Kyrie Irving: One and done to No. 1
An oral history of the Celtics star’s tantalizing 11-game Duke career
Mike Krzyzewski looked the kid in his eyes. The legendary head coach of the Duke University men’s basketball program was in West Orange, New Jersey, to watch a point guard named Kyrie Irving. Krzyzewski sized up the 16-year-old. Both of them can recount the moment, almost verbatim.
“He told me I was going to be one of the best of my generation,” Irving says years later, after a February practice at the Boston Celtics’ practice facility in Waltham, Massachusetts.
“I told him he was going to be one of the players of his era,” Krzyzewski — Coach K — recalls without prompting, about a week later from his office at Duke. “I saw everything in that kid.”
In October 2009, Irving, the top-ranked point guard and No. 3 overall player in the 2010 recruiting class, committed to Duke and Krzyzewski. How good was he, really? Well, the summer before his freshman year, in a tryout for USA Basketball’s under-18 squad, it took just four minutes of 5-on-5 before Irving was told he made the team. By the time he arrived on campus, Irving broke out moves in preseason pickup games that players, even some who’d reached the NBA, had never seen. Jay Williams, now an ESPN college basketball analyst, was a Duke point guard and the No. 2 overall pick in the 2002 NBA draft. “I realized Kyrie would be one-and-done,” says Williams, who was in some of those sessions, “before he even stepped on the court in college.”
Irving made the absolute most of his time at Duke until a freak injury eight games into the season (coincidentally against current Celtics head coach Brad Stevens’ Butler team) forced him to sit out most of his freshman year. Had he not missed those 26 games, Irving surely would’ve been in the conversation as the most dominant freshman in the history of college basketball — up there with 1977-78 Magic Johnson, 1989-90 Shaquille O’Neal and 2006-07 Kevin Durant.
Nearly a decade has passed since Irving averaged 17.5 points, 4.3 assists and 3.4 rebounds, while shooting 56.9 percent from the field and 46.2 percent from 3-point range, in just 11 games at Duke. “He likes to remind us all the time,” says Jayson Tatum, his Celtics teammate and another Duke one-and-done, “that it only took him 11 games to be the No. 1 pick.”
From that short foray at the NCAA level, Irving has grown into a genuine NBA superstar: the 2011 Rookie of the Year, a five-time All-Star and NBA champion. Now in his first season with the Celtics, only Irving truly knows the pressure his decision to leave Cleveland and challenge LeBron James for Eastern Conference supremacy places on his shoulders. But in a weird way, Irving, in his first season as point guard for the fabled Celtics franchise, is a freshman again.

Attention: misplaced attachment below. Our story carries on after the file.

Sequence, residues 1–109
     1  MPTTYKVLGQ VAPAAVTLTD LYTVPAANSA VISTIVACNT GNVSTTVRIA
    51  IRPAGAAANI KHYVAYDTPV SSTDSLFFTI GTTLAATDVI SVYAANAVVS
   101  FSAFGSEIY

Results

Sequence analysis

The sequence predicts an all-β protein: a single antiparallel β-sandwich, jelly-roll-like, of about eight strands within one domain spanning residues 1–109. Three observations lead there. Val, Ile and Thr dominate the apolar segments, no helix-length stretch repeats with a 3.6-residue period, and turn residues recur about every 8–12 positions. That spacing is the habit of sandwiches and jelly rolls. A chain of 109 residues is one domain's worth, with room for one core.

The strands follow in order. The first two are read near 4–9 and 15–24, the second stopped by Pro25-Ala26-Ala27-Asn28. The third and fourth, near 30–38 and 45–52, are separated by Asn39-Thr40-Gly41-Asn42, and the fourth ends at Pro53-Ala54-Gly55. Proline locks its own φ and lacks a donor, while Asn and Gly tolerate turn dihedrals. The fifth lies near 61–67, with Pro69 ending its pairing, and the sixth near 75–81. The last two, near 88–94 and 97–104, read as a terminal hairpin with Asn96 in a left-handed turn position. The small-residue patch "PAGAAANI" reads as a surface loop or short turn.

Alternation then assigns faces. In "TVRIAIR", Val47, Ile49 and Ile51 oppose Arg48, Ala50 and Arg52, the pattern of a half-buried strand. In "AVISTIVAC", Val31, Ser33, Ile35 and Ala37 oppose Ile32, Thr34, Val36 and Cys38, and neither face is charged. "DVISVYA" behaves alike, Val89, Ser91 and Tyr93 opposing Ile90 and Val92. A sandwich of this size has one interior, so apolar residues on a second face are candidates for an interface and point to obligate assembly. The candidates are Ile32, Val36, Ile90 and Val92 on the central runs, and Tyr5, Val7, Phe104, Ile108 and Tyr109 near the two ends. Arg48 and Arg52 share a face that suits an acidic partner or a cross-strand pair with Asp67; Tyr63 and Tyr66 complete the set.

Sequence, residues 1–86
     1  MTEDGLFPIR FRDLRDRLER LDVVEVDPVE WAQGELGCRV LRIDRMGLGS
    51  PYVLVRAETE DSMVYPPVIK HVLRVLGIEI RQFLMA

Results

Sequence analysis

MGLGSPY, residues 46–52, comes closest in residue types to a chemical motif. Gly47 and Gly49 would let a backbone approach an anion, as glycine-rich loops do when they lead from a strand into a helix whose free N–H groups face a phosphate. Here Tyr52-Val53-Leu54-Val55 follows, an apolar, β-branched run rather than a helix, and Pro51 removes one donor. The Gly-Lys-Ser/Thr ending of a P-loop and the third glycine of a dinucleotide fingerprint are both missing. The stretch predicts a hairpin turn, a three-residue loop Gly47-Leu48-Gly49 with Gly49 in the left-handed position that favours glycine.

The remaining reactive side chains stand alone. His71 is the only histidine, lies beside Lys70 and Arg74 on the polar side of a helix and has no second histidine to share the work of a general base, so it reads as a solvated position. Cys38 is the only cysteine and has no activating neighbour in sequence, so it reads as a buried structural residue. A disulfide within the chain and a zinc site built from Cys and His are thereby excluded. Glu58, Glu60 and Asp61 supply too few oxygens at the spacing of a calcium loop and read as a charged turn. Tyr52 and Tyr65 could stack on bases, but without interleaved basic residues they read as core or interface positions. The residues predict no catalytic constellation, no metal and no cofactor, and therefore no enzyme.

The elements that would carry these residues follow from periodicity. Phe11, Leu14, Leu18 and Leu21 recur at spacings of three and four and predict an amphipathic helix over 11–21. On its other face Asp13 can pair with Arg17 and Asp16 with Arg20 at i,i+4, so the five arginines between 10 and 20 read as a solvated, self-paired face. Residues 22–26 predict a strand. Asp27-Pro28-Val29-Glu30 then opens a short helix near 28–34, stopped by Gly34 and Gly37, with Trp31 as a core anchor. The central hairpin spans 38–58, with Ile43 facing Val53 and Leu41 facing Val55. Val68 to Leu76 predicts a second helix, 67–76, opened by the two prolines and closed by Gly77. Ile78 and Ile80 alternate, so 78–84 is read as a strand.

This is a story of pain, pressure, sacrifice, swag and perseverance — in 11 games. This is the story of the education of Kyrie Irving.
Everyone quoted (and every arena) is identified by the titles they held during the 2010-11 college basketball season.
Game 1 Duke vs. Princeton (97–60) Nov. 14, 2010 Cameron Indoor Stadium
A gold medal summer and two NCAA exhibitions brought Irving to this moment: the first regular-season game of his college career. No. 1 Duke, the utterly loaded defending national champions, faced Princeton in the opening round of the CBE Hall of Fame Classic. Irving was 18 years, 7 months and 22 days old when he became the first freshman to start at point guard for Krzyzewski’s squad since the aforementioned Williams in 1999. Also, for the first time in his tenure at Duke, Coach K allowed the coveted No. 1 jersey to be worn. “He could handle it,” says Krzyzewski of Irving’s uniform number. “It put something on him that he needed. He wanted that lead role, and that was a way of him saying that.”
I remember how nervous I was.
I remember him being unstoppable.
I just wanted to really, really prove to myself that I was able to play on the high college level.
He stood out as a freshman as if he’d been a junior guard and had been starting for two years … defensively, he was scary.
Princeton’s first two offensive trips resulted in changes of possession forced by Irving: a block on a shot attempt and a steal on a crosscourt skip pass.
Based on those first two plays, he was college-ready… Kyrie’s natural talent, in-game awareness, knack for the basketball — that’s a rarity, right? You see the spins he puts on the ball, the way he finishes around traffic, it’s obviously something he’s worked on his whole life. It’s damn near an innate ability.
Going to Duke, there were a lot of expectations — from myself and everyone else. I was trying to live up to all of them.
Game 2 Duke vs. Miami (OH) (79–45) Nov. 16, 2010 Cameron Indoor Stadium
At the 17:59 mark of the opening period, a referee whistled Irving for his second foul in two minutes, sending him to the bench, where he’d sit for most the half. Irving made the most of that little taste of adversity, finishing with an efficient performance despite logging just 19 minutes. Yet for two players on that Miami roster, it felt like Irving played the full 40.
He would smile. He would talk to you, but he’d be out there to kill you. … I had never seen a freshman like that.
Kyrie ran the show.
For the first time, Coach K allowed the coveted No. 1 jersey to be worn. “He could handle it,” says Krzyzewski. “It put something on him that he needed.”
That kid, at 18, was getting guys in the huddle. He was coming down the court, and he wasn’t looking to Mike [Krzyzewski] on the sideline. He was … calling plays. He’d see mismatches and be like, ‘OK, we gotta get this guy the ball.’
When he was off the floor, you didn’t feel like Duke was as good.
The most random thing ever… an intangible type thing … a screen he set. They’re in the middle of trying to call a baseline out-of-bounds play … the next thing I know Kyrie’s just running into me. Like, I couldn’t move … and, BOOM! … they got a layup. He just has this sense for the game — not only to score, not only to pass, or be the creator, but to just help other people on the basketball court. … I still remember coach called a timeout like two possessions later. He said, ‘You gonna let that little a– guy run into you?!’